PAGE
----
Mount Alfred is a mountain located at the Queen Reach arm and head of the Jervis Inlet within the Pacific Ranges of the Coast Mountains in British Columbia, Canada. The mountain is the highest in the portion of the mainland between Jervis and Toba Inlets, with its 1,318 metres prominence defined by the pass at the head of the Skwawka River, which feeds the head of Jervis Inlet; the unofficially-named Alfred Creek Falls, on Alfred Creek which drains off the mountain's glaciers southeast into the Skwawka, is one of Canada's highest waterfalls at 700 metres. The mountain was named during the 1860 survey by HMS Plumper who charted all of the area and was named after Alfred Edward "Affie", the third child and second son of Queen Victoria and Prince Albert of England, and, Duke of Edinburgh from his birth in 1844 until his death in 1900; the first ascent of Mount Alfred was made in 1929 by Arthur Tinniswood Dalton and Percy Williams Easthope. Mount Alfred Gallery CM_C2308 Fraser River to N. E. Pt. of Texada Island including Howe Sound and Jervis Inlet'Annotated' 1863.02.16 1865.08 Detail Map of Mt. Alfred from the 1860 Survey Map of the Jervis Inlet and Mt. Alfred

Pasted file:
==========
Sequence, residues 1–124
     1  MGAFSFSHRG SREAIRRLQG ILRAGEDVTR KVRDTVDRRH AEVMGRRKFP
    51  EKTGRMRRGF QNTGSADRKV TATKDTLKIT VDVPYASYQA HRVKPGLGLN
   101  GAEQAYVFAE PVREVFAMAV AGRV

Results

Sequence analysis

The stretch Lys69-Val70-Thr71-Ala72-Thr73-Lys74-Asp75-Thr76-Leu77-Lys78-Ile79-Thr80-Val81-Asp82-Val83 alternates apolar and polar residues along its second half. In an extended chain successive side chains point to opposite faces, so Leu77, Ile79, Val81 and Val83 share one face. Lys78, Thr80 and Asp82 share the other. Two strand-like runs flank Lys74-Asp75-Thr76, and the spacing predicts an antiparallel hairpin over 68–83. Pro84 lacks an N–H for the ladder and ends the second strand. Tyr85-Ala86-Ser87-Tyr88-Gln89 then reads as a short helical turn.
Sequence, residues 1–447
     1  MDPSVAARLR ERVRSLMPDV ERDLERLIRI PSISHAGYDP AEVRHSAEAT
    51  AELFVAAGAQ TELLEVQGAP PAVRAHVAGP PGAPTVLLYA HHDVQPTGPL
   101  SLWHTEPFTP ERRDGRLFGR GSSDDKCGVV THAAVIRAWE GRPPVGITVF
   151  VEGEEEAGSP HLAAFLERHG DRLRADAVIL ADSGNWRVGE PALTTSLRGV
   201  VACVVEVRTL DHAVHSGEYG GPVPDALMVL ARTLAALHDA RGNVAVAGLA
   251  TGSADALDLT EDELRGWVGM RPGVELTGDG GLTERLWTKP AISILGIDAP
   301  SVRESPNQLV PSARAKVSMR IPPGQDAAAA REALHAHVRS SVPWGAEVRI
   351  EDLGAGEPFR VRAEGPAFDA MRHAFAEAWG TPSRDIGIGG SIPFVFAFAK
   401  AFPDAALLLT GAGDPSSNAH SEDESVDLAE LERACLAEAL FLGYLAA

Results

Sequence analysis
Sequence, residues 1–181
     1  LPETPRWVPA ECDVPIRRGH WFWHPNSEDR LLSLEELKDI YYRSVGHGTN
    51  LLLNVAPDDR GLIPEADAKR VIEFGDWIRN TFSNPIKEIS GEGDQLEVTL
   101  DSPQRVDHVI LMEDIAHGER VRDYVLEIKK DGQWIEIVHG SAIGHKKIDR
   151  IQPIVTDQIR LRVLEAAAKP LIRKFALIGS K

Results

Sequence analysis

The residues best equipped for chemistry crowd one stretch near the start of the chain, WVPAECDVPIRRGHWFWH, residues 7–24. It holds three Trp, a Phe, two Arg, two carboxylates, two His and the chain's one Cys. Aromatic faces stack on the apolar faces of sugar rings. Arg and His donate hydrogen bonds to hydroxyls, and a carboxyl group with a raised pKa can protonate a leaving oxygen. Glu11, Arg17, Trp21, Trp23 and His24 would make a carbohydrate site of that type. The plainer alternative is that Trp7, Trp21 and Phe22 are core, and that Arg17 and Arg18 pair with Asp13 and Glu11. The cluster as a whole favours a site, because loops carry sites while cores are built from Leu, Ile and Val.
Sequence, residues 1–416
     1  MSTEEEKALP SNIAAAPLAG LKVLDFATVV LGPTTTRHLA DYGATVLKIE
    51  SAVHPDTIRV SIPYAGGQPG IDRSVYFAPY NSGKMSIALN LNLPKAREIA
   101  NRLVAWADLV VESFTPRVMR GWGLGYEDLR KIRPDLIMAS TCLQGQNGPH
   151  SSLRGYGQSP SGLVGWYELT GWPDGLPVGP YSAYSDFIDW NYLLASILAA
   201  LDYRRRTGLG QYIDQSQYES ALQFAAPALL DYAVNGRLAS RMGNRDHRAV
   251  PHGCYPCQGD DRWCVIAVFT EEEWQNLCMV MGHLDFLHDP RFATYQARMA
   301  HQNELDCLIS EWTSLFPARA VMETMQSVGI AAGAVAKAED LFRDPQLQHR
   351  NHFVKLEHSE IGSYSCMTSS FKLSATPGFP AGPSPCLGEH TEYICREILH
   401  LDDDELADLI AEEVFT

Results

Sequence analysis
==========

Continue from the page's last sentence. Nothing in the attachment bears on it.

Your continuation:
Maurice Colbourne was an English stage and television actor who starred as Tom Howard in the BBC television series Howards' Way. He is known for roles in other television series such as Gangsters, The Onedin Line, The Day of the Triffids and Doctor Who, he was cast as a villain in his career. Maurice Colbourne was born Roger Middleton in Sheffield, three weeks after Britain and France declared war on Germany upon the outbreak of the Second World War, studied acting at the Central School of Speech and Drama, he took his stage name from that of an earlier film actor called Maurice Colbourne, who shared the same birthday as his. In 1972, he co-founded, together with Michael Irving and Guy Sprung, the Half Moon Theatre near Aldgate, east London; this was a successful, radical theatre company, performing in an 80-seat disused synagogue in Half Moon Passage, E1. In 1985, the company moved to a converted chapel near Stepney Green, he performed in many productions at Half Moon Theatre, including In the Jungle of the Cities, Will Wat, If Not, What Will?, Heroes of the Iceberg Hotel, Sawdust Caesar, Dan Dare and Chaste Maid in Cheapside.